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Lucky Boats

“LATIFA is the lucky one,” said the classic-yacht broker Barney Sandeman. He was speaking about the magnificent Fife yawl on the cover of this issue and featured beginning on page 64. The yacht, designed by William Fife III and built by the Fife yard in Fairlie, Scotland, has been in commission since her launching in 1936. Unlike many of her Fife sisters that were laid up in mud banks during what was a sort of Dark Ages for classic wooden yachts, LATIFA has been consistently maintained, upgraded, and appreciated. Her current owners have made careful upgrades that are sensitive to her originality, and at this writing she is poised to head into the Pacific Ocean, bound for Tahiti and thus continuing a remarkable voyaging career.

Like LATIFA, MESSENGER III, a 75-year-old power vessel based in Victoria, British Columbia, has enjoyed a life of good stewardship. She is one of the few remaining examples of a mission boat, built to serve outposts once scattered along the length of British Columbia’s long, convoluted coast. Tad Roberts, the yacht designer and an authority on British Columbia’s maritime history (his every-other-issue design review appears on page 56), notes that her builder was “decent, but not high-quality….” Their boats, he said, “were built to a price and intended to do a job.” Her longevity, he reasons, is thus due to the exceptional maintenance of a succession of caring owners. The priorities of the stewards of boats such as LATIFA and MESSENGER III are worthy of study and emulation by any would-be wooden-boat owner.

And then there’s CLARALAN (see page 34). She’s the luckiest boat of all in this issue—and among the luckiest I’ve ever encountered. On February 24, 2014, as Bruce Stannard tells us beginning on page 34, she grounded on rocks at Thistle Island, South Australia. The crew, including her designer-builder Andy Haldane, were able to abandon her without injury. What followed would have relegated the boat to the scrap heap, for most owners. Over the next several hours, and before Andy could return with a salvage vessel, the boat rolled onto its side, and in the surging seas the entire starboard side was worn away. His salvage team, reporting on the boat’s condition after diving on the submerged starboard side, reported, incredulously, “it just ain’t there.” The photographs in the article bear witness to this.

Andy’s response to this disaster had the appearance of a Herculean rebuild. But for Andy, we learn, the job was a sort of relaxation—a meditation. While I’m sure he would rather have had his boat for the seven years it took to put her back together again, his answer to the question of what motivated him through the rebuild project will, I’m sure, resonate with many readers of this magazine—even though they may find the scale of the CLARALAN project difficult to grasp. “I’ve been building boats all my life,” Andy said, “and that’s what I love doing. I do it because I want to do it, because I derive a deep-down personal satisfaction from my work.” A lucky boat, indeed.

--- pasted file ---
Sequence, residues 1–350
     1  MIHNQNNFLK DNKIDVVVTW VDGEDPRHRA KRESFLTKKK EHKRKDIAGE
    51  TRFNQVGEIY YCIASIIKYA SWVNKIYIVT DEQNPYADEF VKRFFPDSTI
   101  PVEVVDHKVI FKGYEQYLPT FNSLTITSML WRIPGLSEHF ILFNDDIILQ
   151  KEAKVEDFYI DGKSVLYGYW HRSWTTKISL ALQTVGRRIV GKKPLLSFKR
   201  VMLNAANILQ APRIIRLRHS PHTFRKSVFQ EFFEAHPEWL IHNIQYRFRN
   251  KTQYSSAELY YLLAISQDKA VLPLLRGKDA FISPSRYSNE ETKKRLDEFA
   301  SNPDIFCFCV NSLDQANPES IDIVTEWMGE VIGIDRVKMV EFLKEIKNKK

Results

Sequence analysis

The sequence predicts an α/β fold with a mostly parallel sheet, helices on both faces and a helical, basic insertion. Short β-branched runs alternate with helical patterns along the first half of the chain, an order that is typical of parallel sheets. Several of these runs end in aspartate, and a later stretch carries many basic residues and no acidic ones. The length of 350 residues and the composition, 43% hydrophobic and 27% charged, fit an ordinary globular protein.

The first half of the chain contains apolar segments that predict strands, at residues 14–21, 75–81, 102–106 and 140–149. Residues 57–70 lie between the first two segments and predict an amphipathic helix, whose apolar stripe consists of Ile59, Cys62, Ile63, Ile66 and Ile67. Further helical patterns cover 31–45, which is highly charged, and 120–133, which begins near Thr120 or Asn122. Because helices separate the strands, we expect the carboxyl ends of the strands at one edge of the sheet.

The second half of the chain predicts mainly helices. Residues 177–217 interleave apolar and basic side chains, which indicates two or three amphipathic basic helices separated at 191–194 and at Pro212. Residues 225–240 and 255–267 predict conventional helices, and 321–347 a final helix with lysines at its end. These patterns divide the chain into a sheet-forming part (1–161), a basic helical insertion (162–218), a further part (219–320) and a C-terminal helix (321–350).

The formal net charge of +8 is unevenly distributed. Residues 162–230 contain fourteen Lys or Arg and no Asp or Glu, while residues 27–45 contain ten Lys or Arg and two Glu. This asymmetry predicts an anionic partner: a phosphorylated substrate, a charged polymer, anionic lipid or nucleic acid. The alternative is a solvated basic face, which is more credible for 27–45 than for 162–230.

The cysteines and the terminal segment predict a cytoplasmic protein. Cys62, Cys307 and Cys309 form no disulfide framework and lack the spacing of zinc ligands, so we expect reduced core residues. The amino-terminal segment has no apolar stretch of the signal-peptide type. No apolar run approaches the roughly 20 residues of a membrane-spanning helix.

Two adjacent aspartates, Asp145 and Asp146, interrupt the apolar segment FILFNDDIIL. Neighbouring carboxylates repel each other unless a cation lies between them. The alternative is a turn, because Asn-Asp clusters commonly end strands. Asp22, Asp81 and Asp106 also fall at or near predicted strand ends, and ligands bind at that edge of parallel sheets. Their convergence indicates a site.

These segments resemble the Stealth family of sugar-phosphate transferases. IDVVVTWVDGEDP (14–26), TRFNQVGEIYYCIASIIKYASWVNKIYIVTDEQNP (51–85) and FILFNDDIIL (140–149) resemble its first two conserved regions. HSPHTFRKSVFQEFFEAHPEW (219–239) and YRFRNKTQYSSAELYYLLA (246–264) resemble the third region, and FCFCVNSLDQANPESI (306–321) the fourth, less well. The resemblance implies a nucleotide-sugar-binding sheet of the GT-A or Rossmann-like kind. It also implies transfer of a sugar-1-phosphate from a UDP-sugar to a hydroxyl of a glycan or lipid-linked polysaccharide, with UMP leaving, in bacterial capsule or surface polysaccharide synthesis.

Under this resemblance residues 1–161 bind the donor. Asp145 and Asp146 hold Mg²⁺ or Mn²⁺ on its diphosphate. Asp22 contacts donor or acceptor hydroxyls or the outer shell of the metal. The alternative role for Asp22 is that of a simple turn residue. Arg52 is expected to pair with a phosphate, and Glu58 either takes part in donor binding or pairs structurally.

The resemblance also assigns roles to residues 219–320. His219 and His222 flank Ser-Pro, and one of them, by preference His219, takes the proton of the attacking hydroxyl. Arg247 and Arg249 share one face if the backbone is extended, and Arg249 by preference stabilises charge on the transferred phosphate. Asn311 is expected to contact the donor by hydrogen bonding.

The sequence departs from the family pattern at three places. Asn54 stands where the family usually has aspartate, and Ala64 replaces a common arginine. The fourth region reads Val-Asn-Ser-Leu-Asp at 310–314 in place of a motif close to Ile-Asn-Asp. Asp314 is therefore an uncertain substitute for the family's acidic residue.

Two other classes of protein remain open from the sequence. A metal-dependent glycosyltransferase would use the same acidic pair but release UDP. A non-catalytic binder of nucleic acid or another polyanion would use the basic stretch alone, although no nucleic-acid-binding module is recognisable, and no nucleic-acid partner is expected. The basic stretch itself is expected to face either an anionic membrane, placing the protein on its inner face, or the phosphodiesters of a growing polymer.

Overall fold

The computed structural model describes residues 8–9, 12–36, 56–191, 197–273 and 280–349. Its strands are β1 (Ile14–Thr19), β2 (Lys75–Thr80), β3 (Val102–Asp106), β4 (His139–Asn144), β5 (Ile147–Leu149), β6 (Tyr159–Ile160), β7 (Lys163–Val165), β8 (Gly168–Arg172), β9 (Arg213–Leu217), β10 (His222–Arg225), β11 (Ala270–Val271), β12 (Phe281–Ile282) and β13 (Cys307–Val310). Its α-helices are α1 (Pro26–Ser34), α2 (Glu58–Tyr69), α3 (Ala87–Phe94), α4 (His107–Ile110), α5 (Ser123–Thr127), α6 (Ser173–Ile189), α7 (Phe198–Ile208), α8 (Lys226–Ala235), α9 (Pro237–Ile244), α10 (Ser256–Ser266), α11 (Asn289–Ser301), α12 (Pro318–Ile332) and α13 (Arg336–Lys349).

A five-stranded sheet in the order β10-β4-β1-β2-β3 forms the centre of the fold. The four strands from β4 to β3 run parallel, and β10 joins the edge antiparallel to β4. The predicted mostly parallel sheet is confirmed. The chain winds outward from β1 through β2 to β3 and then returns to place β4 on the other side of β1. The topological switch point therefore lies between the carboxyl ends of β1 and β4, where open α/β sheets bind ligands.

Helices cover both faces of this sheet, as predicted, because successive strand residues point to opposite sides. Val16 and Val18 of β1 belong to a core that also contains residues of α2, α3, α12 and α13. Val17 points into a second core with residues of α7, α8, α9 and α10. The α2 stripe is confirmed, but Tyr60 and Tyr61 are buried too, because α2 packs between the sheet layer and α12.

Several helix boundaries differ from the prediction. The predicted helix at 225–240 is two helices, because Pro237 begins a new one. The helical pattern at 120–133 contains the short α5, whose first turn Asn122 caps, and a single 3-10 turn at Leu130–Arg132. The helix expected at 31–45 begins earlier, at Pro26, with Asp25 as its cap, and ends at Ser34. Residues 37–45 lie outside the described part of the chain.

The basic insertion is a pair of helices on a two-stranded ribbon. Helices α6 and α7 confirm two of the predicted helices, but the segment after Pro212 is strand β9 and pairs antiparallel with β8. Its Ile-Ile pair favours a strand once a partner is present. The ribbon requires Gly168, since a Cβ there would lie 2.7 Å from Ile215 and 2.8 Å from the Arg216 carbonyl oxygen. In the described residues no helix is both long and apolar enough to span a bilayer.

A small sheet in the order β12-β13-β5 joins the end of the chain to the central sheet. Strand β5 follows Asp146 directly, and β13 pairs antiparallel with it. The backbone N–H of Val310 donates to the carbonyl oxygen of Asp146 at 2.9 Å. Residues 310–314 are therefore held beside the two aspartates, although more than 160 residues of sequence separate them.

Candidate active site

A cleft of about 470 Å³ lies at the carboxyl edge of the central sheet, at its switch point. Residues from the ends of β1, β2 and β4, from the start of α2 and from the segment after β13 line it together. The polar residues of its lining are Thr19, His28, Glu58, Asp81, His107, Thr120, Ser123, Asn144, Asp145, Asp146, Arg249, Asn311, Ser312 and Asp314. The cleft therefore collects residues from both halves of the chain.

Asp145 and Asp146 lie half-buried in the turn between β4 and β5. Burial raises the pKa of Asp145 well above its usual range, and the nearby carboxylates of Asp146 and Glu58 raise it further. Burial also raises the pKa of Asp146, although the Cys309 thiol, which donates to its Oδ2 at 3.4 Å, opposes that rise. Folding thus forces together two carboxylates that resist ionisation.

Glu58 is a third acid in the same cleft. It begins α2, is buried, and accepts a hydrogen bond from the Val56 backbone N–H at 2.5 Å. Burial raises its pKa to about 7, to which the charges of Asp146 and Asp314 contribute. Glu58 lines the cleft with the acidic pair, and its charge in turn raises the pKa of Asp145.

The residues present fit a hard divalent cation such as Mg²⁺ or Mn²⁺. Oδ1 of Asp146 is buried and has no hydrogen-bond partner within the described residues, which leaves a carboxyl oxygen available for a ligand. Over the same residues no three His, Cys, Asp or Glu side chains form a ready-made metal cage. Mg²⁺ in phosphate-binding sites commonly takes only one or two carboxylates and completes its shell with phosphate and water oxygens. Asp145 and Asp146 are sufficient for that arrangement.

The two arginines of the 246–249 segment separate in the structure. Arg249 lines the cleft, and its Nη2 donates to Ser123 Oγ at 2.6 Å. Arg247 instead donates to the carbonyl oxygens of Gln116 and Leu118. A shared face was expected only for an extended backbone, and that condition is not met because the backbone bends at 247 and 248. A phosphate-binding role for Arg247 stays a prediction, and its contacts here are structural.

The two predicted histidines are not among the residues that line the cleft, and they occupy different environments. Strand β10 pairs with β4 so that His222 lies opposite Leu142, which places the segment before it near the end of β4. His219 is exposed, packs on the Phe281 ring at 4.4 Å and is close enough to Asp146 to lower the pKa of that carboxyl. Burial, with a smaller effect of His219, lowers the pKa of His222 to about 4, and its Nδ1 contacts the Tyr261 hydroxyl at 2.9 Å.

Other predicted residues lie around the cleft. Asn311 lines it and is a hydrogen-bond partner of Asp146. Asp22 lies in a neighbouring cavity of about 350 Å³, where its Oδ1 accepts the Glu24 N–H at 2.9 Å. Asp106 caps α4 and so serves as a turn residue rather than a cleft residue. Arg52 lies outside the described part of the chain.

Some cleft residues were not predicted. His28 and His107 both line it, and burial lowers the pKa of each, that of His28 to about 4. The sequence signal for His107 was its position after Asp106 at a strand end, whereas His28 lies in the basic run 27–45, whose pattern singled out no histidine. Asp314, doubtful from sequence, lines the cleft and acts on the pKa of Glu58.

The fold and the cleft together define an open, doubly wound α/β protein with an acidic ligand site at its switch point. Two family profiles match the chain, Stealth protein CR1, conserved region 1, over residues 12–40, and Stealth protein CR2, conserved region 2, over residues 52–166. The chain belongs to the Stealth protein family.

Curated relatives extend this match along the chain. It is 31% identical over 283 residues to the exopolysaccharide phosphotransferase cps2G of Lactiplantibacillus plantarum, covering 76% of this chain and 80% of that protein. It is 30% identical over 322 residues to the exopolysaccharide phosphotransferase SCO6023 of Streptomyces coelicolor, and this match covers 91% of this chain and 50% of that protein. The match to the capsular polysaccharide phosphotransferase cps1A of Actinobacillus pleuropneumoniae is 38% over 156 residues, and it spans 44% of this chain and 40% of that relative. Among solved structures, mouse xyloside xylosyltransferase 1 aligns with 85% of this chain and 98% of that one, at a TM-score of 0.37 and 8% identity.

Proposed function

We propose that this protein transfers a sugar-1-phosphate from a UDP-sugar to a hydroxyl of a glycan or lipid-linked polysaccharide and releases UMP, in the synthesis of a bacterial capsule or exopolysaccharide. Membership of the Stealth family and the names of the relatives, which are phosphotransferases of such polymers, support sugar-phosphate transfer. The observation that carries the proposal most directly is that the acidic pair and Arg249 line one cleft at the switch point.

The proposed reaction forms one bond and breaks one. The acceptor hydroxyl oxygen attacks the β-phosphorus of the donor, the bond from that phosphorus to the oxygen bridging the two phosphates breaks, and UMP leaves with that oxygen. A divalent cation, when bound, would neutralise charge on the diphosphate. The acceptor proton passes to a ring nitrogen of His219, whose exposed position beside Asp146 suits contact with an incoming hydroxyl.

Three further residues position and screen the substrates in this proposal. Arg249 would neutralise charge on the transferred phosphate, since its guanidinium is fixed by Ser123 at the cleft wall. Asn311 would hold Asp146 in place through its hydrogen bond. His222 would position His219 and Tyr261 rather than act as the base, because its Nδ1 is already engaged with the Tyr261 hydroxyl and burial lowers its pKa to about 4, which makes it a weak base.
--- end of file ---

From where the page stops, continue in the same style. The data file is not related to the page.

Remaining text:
Matt Murphy

Editor of WoodenBoat Magazine

Nesting Dinghy
Page 24

One for the Road

by James Guzzwell

To take my grandchildren sailing on Utah’s mountain lakes, I needed the largest dinghy that I could easily transport in a vehicle capable of carrying a standard 4' x 8' sheet of plywood.

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CLARALAN
Page 34

Don’t Give Up the Ship

by Bruce Stannard

There is a region on South Australian tourist maps blithely designated as the “Shipwreck Coast.” It is home to a powerful tidal current that, in 2014, contributed to the loss of the cutter CLARALAN.

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MESSENGER III
Page 56

Maintenance with a Mission

by Alex Zimmerman

In 2000, Bill Noon of Victoria, British Columbia, embarked on a program of restoration and improvement projects on his 50' powerboat, MESSENGER III, that he thought would take 15 years to complete. The work has now stretched beyond two decades.

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LATIFA
Page 64

Aboard: LATIFA

by Matthew P. Murphy • Photographs by Benjamin Mendlowitz

LATIFA, a 70' yawl designed and built by William Fife III, was commissioned as a fast, comfortable cruiser in 1936 by Michael Mason.

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ALKA B
Page 72

ALKA B

by Text and photographs by Nic Compton

I’m sitting in the cockpit of a pretty little 22' wooden cutter moored up in Dartmouth, on the southern coast of England. All around me are varieties of wood, lovingly fashioned into various components and finished off with an array of bronze and galvanized-steel fittings. Amidst this highly traditional boat setting, the conversation is rather surreal.

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Gartside
Page 77

Paul Gartside

by Nic Compton

Aside from her unusual rig and custom interior, ALKA B is in many ways the quintessential Paul Gartside design.

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Hastings Beach Punt
Page 80

MAD RAY OF RYE

by Peter Rolt

In 2020, when John Raymond-Barker sold his 38' EDITH GRAY, which he designed in the Bristol Channel pilot cutter style and built for himself in 2011, he thought that would mean the end of his adventure-sailing days.

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From the Community

Boat Launchings

Boat Launchings

SHADOW

SHADOW of Gig Harbor, Wa USA. Maiden voyage April 14th, 2024.

Classified